1Corinthians 10:29 “Why is my liberty judged by another man’s conscience?”
We are living in a time when we have two very opposing views of American society. The secular view holds that the rights of individuals come from government. The Judeo-Christian view holds to the Constitution’s directive that individual rights are “inalienable” – they derive from God – and cannot be taken away by government. This is the view of the Founding Fathers, and is embodied in an individual’s right of conscience to not only freely speak their views but also respect and tolerate opposing views of others.
Our verse this week is only one of several examples of the origin of our Founding Father’s Founders conviction that an individual’s right of conscience is sacred and must be protected. The apostle Paul, in writing to the church in Corinth, Greece, explains that a follower of Jesus Christ must first and foremost put another person’s well-being before their own. To do this, I must be willing to tolerate another person’s choices without compromising on my own. This is Paul’s point in verse 33, when he says “Give no offense, either to the Jews or to the Greeks or to the church of God”. We are to honor free speech, free thought.
Honoring one another’s right to conscience originated from Christianity’s central figure – Jesus Christ. As one of our founders, John Quincy Adams, said: “Jesus Christ. . . . came to teach and not to compel. His law was a Law of Liberty. He left the human mind and human action free.” Stephen Cowell, a legal writer during America’s early days, echoed Adams’ sentiments: “Nonconformity, dissent, free inquiry, individual conviction, mental independence, are forever consecrated by the religion of the New Testament.”
But even after the overwhelming acceptance of the Constitution, the states still worried that there wasn’t enough protection against a centralized government controlling the rights of its citizens. So, in September 1789, Madison introduced the Bill of Rights, which became the first ten amendments to the Constitution.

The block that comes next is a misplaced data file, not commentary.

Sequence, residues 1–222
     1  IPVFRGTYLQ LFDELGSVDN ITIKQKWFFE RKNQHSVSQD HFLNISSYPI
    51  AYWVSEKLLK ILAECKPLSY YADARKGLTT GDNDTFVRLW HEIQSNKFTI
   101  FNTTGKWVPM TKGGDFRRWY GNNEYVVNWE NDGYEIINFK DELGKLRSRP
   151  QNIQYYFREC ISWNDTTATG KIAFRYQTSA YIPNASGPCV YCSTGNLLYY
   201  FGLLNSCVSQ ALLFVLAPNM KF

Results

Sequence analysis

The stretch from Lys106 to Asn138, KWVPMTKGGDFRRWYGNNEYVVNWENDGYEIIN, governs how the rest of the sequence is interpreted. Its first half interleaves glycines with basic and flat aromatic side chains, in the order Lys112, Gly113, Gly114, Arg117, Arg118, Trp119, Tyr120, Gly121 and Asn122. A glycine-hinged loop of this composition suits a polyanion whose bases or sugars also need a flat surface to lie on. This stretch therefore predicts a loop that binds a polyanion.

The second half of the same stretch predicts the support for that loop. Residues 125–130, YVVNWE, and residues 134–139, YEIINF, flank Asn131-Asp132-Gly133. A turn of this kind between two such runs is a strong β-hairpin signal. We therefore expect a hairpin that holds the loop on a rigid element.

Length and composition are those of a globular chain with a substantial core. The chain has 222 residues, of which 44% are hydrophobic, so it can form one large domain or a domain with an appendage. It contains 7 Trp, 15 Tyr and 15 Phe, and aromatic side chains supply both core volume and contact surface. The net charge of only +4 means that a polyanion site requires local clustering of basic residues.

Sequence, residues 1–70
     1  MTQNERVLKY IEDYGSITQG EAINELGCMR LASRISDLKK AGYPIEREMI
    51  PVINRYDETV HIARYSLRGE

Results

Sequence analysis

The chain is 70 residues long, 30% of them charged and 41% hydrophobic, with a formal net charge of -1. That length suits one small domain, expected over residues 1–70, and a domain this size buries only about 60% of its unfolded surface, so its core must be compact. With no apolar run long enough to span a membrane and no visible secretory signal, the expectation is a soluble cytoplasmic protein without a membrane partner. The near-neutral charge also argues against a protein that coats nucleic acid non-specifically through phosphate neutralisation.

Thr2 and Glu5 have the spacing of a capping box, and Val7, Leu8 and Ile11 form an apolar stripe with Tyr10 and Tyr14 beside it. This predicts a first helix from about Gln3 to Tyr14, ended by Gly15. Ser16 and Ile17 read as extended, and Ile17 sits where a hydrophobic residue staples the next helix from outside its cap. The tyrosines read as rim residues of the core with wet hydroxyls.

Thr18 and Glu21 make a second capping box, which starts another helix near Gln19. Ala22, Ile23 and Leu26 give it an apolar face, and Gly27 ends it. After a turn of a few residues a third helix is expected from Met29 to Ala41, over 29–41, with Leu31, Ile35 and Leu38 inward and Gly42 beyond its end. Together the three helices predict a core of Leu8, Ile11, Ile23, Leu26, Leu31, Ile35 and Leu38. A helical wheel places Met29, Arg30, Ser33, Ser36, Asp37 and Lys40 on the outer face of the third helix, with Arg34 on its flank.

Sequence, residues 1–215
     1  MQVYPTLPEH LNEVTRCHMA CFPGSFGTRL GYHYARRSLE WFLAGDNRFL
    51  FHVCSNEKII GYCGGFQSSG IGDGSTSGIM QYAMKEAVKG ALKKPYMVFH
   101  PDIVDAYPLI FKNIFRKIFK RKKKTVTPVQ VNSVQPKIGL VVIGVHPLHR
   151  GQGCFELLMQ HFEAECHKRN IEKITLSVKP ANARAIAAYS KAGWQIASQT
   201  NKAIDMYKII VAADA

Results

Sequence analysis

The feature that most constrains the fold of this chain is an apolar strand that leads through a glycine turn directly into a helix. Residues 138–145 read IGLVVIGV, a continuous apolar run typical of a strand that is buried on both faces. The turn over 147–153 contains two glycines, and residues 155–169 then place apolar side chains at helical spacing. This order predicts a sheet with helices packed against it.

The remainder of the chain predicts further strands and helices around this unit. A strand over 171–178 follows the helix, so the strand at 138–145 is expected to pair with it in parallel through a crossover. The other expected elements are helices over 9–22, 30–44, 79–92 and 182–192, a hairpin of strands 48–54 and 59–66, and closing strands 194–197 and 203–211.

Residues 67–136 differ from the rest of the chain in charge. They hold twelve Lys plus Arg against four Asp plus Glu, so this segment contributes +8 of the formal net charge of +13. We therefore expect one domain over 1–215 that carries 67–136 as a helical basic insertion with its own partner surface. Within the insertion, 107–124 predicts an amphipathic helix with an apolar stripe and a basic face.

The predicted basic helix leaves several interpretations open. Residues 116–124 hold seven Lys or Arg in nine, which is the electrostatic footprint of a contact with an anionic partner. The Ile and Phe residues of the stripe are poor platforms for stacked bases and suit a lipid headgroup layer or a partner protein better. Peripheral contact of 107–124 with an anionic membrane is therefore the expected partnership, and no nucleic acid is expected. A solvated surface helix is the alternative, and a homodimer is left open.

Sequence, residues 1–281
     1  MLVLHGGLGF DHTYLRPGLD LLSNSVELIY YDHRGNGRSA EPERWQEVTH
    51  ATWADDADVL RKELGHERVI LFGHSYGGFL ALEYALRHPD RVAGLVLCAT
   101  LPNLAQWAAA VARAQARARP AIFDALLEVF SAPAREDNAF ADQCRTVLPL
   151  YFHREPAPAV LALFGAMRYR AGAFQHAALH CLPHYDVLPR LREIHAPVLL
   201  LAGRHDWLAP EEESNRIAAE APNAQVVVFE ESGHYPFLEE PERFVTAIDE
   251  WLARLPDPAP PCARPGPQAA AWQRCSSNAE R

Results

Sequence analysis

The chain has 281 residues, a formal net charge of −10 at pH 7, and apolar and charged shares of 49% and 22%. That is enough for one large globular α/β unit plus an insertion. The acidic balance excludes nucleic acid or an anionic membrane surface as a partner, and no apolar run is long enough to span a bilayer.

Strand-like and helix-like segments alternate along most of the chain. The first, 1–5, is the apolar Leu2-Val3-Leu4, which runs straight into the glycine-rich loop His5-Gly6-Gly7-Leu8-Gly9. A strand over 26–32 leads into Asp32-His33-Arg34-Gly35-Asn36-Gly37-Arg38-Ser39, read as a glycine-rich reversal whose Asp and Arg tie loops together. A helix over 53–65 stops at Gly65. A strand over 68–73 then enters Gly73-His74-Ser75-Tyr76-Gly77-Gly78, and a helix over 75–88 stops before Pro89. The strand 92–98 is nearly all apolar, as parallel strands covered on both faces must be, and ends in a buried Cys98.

Why did Madison call them the “Bill of Rights”? They aren’t the rights of government over your life. They detail your inalienable rights and liberties promised from the God of the Bible that no government can take away. You could call them the “Bill of Government No rights”. Here are a few – they are worth reviewing.
Amendment 1 = Freedom of Religion, Speech and the Press: “Congress shall make no law respecting an establishment of religion or prohibiting the free exercise thereof, or abridging the freedom of speech or of the press, or the right of the people peaceably to assemble and to petition the government for a redress of grievances.” This is your God-given right of conscience. It is not a coincidence that it’s the first right.
Amendment 2 = The Right to Bear Arms: “A well-regulated militia being necessary to the security of a free state, the right of the people to keep and bear arms shall not be infringed.”
Amendment 4 = Protection from Unreasonable Searches and Seizures: “The right of the people to be secure in their persons, houses, papers, and effects against unreasonable searches and seizures shall not be violated, and no warrants shall issue but upon probable cause, supported by oath or affirmation, and particularly describing the place to be searched and the persons or things to be seized.”
Amendment 5 = Protection of Rights to Life, Liberty and Property: “No person shall be held to answer for a capital or otherwise infamous crime unless on a presentment or indictment of a grand jury, except in cases arising in the land or naval forces, or in the militia, when in actual service in time of war or public danger; nor shall any person be subject for the same offense to be twice put in jeopardy of life or limb; nor shall be compelled in any criminal case to be a witness against himself, nor be deprived of life, liberty, or property without due process of law; nor shall private property be taken for public use without just compensation.”
Amendment 6 = Rights of Accused Persons in Criminal Cases: “In all criminal prosecutions, the accused shall enjoy the right to a speedy and public trial by an impartial jury of the state and district wherein the crime was committed, which district shall have been previously ascertained by law, and to be informed of the nature and cause of the accusation; to be confronted with the witnesses against him; to have compulsory process for obtaining witnesses in his favor; and to have the assistance of defense counsel.”
As we watch some of these foundational rights being violated (such as on our college campuses, where the right to free speech is under attack; or in political and media rhetoric, where the right to bear arms is under attack), we must reacquaint ourselves with the Bill of Rights, which originated from the Bible’s notion that all people have God-given freedoms no government can ever take from us.
“The Evidence of Faith’s Substance”, Article #264